Sketches With Multiple Files

I've tried several time to create sketches that consist of multiple files (other than libraries). I've read numerous web pages about this, but the information I've seen is both conflicting, and doesn't seem to work. The most common advise seems to be to give these files no extension, and the tools will automatically suck them all up, concatenate them into a single file, pre-pend prototypes, etc. Only trouble is, I've been completely unable to make it work. I have to manually add prototypes to my top-level include file.

What am I missing? How is this supposed to work?

I'm using both v1.05 and v1.5.6r2.

Regards, Ray L.

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give it a name (no extention)

Even better is to give it the extension you want (.h, .cpp, .ino, etc.) rather than having it decide what the extension should be.

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First, I'm not using the Arduino IDE, but Atmel Studio, with VisualMicro, which uses the Arduino tools for dong builds.

Second, no matter the extension, if I don't put an explicit #include, AND manually put a prototype in my top-level header file, it DOES NOT compile.

So is this capablility purely dependent upon using the IDE, and having ALL included files open in the IDE?

Regards, Ray L.

First, I'm not using the Arduino IDE, but Atmel Studio, with VisualMicro, which uses the Arduino tools for dong builds.

So, you left a lot out of your first post. You need to ask your Visual Micro question on the Visual Micro forum.

Second, no matter the extension, if I don't put an explicit #include, AND manually put a prototype in my top-level header file, it DOES NOT compile.

That is NOT an Arduino problem.

So is this capablility purely dependent upon using the IDE

No. The suggestions here were made assuming you were using the IDE, since you didn't bother to say otherwise.

Actually, it has NOTHING to do with AtmelStudio or VisualMicro, which simply use the existing Arduino build process. The real problems have to do with the incredible amount of flat-out WRONG information out there (including some given in this thread), and the fact that the Arduino build process is bizarre, to say the least.

First, I found multiple web sites, as well as information given in this thread, telling me that any additional files must have, and here I quote directly, "NO extension". This is flat-out wrong. The files must ALL have a .INO extension.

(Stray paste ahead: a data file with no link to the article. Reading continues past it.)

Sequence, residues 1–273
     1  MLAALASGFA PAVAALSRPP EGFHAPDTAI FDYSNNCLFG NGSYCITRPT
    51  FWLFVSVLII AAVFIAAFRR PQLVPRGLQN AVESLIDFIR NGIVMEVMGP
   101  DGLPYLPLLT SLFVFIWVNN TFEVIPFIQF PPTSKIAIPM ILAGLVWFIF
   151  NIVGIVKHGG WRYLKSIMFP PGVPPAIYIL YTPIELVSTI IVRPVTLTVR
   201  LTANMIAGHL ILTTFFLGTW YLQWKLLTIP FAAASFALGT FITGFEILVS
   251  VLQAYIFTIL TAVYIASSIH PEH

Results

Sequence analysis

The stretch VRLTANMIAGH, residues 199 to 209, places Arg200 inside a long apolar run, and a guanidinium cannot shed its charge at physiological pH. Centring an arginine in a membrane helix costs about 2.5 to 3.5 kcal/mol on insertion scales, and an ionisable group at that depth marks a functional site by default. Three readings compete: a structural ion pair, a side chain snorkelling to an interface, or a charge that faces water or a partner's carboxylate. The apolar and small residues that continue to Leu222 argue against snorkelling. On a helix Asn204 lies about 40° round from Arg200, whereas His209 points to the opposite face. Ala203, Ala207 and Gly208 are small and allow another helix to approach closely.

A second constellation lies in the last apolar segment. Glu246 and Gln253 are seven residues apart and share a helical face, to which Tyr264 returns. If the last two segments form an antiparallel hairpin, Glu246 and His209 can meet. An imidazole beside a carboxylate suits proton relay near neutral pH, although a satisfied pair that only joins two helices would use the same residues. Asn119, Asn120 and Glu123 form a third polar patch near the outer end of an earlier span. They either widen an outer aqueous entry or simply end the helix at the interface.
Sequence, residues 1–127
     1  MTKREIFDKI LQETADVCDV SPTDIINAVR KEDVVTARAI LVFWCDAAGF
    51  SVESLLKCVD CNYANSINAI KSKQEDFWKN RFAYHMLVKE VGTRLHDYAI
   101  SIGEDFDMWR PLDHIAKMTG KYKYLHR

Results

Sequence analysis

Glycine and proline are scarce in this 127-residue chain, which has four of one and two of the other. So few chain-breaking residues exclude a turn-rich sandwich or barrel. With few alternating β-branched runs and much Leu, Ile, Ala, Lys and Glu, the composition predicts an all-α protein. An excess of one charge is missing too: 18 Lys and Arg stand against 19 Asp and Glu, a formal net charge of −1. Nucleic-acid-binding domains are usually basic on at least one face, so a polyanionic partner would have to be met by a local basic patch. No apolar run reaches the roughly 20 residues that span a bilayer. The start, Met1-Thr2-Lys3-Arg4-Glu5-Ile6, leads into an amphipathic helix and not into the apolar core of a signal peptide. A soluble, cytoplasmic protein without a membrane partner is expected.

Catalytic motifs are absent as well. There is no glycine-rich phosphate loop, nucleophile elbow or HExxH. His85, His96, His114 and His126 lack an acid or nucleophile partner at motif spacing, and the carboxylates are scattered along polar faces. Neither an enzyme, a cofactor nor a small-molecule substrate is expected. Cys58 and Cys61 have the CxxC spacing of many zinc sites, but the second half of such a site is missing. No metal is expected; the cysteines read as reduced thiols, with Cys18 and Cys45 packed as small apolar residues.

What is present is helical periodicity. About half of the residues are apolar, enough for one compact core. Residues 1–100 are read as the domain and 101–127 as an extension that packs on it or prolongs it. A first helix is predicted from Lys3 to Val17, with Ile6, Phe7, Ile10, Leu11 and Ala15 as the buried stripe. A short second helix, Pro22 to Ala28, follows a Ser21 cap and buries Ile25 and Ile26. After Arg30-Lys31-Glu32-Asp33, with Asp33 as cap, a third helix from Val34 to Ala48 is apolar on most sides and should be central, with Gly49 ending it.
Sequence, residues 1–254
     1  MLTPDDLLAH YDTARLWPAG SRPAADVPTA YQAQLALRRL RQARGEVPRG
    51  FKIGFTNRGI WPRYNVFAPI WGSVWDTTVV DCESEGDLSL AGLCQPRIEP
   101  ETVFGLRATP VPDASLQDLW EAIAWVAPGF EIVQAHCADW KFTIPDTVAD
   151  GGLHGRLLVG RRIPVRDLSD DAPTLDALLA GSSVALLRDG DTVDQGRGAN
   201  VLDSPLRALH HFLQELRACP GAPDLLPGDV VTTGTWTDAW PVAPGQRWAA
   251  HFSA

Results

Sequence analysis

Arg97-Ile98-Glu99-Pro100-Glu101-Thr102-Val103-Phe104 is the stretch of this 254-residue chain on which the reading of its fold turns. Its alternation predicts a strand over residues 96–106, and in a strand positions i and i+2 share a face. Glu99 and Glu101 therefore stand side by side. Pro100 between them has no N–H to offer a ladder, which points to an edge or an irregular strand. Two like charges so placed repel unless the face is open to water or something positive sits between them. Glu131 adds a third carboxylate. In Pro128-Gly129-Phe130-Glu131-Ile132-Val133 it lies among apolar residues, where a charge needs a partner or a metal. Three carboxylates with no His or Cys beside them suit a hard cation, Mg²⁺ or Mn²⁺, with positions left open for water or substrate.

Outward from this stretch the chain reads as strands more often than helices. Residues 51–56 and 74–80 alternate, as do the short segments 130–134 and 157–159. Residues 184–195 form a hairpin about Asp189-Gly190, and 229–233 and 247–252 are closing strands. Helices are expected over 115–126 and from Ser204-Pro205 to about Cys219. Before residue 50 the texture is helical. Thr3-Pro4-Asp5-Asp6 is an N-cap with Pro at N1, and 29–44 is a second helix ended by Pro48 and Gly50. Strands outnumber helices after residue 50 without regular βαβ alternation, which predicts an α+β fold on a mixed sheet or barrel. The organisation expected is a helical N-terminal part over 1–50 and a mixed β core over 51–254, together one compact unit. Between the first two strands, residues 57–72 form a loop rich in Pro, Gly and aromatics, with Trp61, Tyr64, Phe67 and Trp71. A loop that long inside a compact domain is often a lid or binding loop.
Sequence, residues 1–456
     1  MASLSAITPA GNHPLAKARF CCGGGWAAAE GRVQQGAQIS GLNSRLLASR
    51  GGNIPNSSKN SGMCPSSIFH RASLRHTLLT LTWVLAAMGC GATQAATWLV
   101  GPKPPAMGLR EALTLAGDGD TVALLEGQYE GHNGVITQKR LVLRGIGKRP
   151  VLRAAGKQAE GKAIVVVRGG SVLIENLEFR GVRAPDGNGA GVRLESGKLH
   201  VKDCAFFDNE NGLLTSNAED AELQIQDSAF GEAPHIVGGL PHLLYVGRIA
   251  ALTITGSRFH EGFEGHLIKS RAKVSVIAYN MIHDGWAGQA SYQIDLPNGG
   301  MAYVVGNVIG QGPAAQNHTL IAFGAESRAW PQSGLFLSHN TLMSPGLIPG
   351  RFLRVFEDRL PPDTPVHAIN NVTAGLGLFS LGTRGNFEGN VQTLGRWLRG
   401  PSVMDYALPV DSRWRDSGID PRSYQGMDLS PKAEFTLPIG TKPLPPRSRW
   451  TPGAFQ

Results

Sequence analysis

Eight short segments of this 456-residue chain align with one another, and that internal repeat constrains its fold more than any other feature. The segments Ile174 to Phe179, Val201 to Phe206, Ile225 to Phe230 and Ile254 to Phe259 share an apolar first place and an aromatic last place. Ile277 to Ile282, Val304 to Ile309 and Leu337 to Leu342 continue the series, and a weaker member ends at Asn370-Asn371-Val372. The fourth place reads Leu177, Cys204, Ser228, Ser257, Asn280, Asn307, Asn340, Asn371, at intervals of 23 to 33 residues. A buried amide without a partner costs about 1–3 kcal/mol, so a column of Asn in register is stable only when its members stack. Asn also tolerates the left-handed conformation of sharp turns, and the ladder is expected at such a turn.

Second those same sources indicate that all included files, with "no extension" must be opened in tabs in the IDE. This, too, is flat-out WRONG. They must simply be stored in the same directory as the main .ino file.

Third is the fact that the build process operates in a truly bizarre way, that seems to me designed to fail in random ways. It first grabs the main .ino file, which MUST have the same name as the directory it is in. It then appends ALL other .INO files it finds in that directory, and does so IN ALPHABETICAL ORDER of all things, with upper case taking precedence. It then does a less than perfect job of creating prototypes for the functions it finds in all those files. In some cases, for reasons I can't fathom, it will NOT correctly resolve forward references, making it necessary to either MOVE those functions to a file that lands higher in the alphabetical sort order, or manually create a prototype for those functions. The same goes for variable definitions. Very weird indeed....

Regards, Ray L.

Very weird indeed....

Yes. You can "resolve" some of the issues by using .cpp files instead of .ino files. You can "resolve" more of them by creating the function prototypes yourself. You can "resolve" others by naming the .ino files "smartly".

RayLivingston: Actually, it has NOTHING to do with AtmelStudio or VisualMicro, which simply use the existing Arduino build process.

Really, you're quite sure about that?

The Arduino has its own highly idiosyncratic build process which does a considerable amount of mucking around with your code before it passes it to the compiler. Conventional (i.e. non-Arduino) build environments leave out the mucking about and just compile your code as it is. If you write your code expecting to have the Arduino mucking-about done, and then try to build it within an IDE that compiles it as-is, then obviously that is going to lead to errors. If you write your code expecting it to have the mucking-about done, and you stray outside the simplistic coding constructs that the Arduino IDE can cope with correctly, that will also lead to errors.

If you're outgrowing the Arduino stabilisers then you may get on better writing your sketch in proper C++. You can do that either by ditching Arduino and adopting a grown-up IDE, or using .cpp and .h files within the IDE instead of .ino files. When you create a .ino file, you rely on the IDE to mangle that into proper C++ and have to trust and hope that it will get it right.